Adjustable Height Computer Table
Adjustable Height Computer Table
Students: Michael Murphy, Barry Hampton, Cynthia Wilson
Client Coordinators: Dr. Gary Edwards, United Cerebral Palsy of Birmingham
An adjustable keyboard computer table was requested for the Fullen House, a group home for adults with cerebral palsy in Birmingham. The existing computer table could not accommodate varying wheelchair heights and the keyboard was fixed in a stationary flat position. In addition, the monitor was stationary and could not accommodate patients with various problems with eyesight. The present design allows the table to translate vertically for wheelchair height adjustment, while the keyboard pivots in order to allow for the patients’ ease of use. These movements are electronically controllable by the clients via large buttons. Also, the monitor is manually adjustable to slide on the tabletop to a position where the monitor face is flush with the edge of the keyboard.
The tabletop consists of ¾ in. plywood with an applied veneer laminate (84 in. x 30 in.). The wood panels are cut from ½ in. oak plywood and stained to produce a pleasing appearance. Foam is applied to the edges of the keyboard tray to soften the table edges. The table lift mechanism consists of two AC linear actuators with a tubing guidance system housed in C-channel sections. The 18” stroke linear actuators are centered and secured via pin attachments inside the 6” A36 steel C-channel bolted underneath and below the table. ASTM A500 steel square tubing guidance system under the table consists of four telescoping sections of tubing under the four corners of the table. The A36 C-channel and angle were selected to meet ASME Specification SA-36.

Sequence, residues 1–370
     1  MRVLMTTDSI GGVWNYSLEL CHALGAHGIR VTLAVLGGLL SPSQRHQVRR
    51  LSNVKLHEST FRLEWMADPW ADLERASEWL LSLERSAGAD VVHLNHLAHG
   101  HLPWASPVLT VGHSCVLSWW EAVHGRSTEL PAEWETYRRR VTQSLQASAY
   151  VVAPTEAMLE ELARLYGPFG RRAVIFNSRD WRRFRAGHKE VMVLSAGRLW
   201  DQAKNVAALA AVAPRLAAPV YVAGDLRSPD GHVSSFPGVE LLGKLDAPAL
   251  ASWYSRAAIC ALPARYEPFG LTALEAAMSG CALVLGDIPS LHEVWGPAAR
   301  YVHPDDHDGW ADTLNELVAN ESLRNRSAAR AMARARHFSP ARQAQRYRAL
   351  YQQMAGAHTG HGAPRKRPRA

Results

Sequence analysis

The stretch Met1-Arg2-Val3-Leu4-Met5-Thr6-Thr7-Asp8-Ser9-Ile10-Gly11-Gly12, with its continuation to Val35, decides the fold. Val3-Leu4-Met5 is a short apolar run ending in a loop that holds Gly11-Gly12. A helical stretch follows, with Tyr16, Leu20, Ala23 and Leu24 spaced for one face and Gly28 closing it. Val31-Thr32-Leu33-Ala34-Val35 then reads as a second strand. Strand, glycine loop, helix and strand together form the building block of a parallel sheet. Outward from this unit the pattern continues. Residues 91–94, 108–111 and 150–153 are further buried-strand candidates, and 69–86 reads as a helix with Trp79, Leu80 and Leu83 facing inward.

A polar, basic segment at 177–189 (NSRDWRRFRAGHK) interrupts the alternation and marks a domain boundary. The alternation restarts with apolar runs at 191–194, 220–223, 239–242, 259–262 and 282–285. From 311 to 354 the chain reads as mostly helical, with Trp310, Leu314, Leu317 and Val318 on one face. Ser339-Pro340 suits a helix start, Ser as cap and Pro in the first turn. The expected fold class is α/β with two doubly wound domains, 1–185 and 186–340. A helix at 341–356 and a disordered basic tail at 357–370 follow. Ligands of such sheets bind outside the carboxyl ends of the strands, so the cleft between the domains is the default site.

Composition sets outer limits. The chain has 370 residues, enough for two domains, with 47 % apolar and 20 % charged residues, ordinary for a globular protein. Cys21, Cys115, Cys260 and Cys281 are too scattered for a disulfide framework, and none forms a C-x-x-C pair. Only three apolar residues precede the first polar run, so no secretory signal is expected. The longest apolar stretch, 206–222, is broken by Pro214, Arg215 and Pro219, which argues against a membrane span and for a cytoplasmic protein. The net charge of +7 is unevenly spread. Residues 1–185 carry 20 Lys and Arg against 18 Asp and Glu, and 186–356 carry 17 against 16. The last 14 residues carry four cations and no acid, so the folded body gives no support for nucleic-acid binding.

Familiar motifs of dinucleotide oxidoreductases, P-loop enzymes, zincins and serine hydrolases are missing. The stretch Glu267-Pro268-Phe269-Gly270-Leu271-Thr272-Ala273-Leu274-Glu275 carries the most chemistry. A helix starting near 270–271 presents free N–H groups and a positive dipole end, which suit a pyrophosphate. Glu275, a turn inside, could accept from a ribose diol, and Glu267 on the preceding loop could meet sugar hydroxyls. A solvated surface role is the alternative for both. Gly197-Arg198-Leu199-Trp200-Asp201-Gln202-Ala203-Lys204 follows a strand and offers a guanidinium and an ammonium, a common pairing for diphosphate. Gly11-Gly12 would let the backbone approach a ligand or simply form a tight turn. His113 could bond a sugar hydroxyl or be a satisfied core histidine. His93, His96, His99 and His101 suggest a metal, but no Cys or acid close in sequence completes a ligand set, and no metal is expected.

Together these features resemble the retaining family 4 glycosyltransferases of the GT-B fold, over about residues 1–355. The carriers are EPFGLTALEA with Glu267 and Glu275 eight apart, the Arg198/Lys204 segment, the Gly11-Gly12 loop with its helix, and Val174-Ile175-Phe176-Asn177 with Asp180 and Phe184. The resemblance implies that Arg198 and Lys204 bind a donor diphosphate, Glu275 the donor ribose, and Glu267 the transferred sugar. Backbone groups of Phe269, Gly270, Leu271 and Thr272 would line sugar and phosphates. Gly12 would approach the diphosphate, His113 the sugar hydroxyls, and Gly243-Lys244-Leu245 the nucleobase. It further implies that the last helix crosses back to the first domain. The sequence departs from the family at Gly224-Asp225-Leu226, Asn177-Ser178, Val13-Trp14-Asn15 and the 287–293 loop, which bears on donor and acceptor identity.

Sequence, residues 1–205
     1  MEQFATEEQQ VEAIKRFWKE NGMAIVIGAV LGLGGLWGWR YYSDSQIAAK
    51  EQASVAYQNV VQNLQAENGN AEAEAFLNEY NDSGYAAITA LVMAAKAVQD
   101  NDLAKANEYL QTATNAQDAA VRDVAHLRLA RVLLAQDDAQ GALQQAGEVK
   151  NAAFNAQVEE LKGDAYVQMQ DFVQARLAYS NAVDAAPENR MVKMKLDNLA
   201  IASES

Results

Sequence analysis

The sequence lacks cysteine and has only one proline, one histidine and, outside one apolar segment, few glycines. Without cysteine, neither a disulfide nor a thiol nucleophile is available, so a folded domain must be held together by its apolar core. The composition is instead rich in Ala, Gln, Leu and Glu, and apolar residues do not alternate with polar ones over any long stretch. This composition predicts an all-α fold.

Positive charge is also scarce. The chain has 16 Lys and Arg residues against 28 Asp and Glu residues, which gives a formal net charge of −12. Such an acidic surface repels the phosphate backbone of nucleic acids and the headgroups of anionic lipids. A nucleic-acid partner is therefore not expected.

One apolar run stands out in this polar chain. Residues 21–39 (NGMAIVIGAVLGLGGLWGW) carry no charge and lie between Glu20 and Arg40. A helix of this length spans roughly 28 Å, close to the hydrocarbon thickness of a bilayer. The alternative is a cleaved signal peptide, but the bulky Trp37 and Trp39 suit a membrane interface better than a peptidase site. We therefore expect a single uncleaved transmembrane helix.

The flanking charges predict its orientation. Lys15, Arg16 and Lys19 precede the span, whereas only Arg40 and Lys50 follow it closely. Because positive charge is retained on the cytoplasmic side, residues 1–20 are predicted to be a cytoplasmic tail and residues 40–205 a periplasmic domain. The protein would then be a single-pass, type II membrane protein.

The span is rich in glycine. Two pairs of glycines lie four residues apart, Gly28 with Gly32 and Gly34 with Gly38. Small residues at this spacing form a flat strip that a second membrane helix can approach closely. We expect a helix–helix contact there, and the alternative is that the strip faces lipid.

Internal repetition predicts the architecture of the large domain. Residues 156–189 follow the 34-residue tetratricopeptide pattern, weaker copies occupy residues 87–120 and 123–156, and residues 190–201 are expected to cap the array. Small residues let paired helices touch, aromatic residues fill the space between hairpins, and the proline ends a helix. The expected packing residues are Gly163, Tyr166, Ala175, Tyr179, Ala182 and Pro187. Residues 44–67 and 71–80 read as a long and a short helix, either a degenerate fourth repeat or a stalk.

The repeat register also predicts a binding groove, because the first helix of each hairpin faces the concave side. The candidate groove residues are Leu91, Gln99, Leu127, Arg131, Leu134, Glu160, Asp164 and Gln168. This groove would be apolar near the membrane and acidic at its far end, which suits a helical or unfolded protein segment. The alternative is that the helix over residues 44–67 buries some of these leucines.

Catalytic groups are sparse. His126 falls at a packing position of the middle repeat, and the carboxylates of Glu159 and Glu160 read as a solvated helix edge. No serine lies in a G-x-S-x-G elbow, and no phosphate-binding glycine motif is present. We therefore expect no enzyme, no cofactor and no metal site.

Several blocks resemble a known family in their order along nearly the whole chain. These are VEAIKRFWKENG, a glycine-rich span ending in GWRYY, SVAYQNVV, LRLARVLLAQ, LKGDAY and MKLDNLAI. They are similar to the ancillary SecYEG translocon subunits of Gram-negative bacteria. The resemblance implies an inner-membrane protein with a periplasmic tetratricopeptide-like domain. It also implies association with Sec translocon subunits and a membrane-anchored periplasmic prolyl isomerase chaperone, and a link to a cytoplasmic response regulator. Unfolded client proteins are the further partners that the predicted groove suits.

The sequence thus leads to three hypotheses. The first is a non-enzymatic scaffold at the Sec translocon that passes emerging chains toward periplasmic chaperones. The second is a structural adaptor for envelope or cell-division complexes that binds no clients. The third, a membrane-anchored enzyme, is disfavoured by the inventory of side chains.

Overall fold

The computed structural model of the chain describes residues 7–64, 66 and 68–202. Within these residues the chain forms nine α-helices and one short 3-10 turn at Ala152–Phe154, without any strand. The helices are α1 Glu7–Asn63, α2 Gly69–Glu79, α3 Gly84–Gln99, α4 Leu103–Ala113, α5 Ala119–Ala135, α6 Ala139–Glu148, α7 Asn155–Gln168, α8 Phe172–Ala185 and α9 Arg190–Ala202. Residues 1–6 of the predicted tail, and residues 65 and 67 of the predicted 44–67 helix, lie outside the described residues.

The tubing is welded (AWS Specification E7018) to the inside of the C-channels that also house the linear actuators. Each telescoping section consists of 2 square tubes, one smaller tube with a 2 1/2” OD and one larger tube with a 3” ID. These telescoping tubes are greased appropriately to ensure smooth sliding during table lifting. The actuators and guidance system are concealed inside two telescoping wood panels, one of which was stationary while the outer panel extends as the table was raised. These panels are guided using ball bearing drawer slides between them.
The keyboard pivot consists of a “universally sized” keyboard housing to hold the keyboard with a Velcro patch to secure the keyboard in the housing made from A36 steel plate. A third linear actuator is connected to the keyboard housing and flat bar via pin attachments, such that, when retracted the keyboard would begin in the flat position (180°), while the fully extended length would pivot the keyboard to a maximum angle of 80°. The keyboard housing pivots about its center axis. “Jelly bean” buttons control the table height and keyboard pivot adjustments, attached to the tabletop via Locline flexible neck rods.
The monitor slide/support mechanism consists of two 2 x 4-in. pieces of pine, bolted to the tabletop with two additional pieces offset at a 2-in. height and connected to the support pieces using 20” heavy duty full extension zinc-plated carbon steel slides. These slides are rated to carry 115 lb./slide at the fully retracted and fully extended positions. The oak wood platform for the monitor is bolted to the top 2 x 4-in. pine support beams. The extension slides allows the monitor to move up to 12” past the tabletop,flush with the keyboard edge. The total cost of this device, illustrated in Figure 29, was $1,463.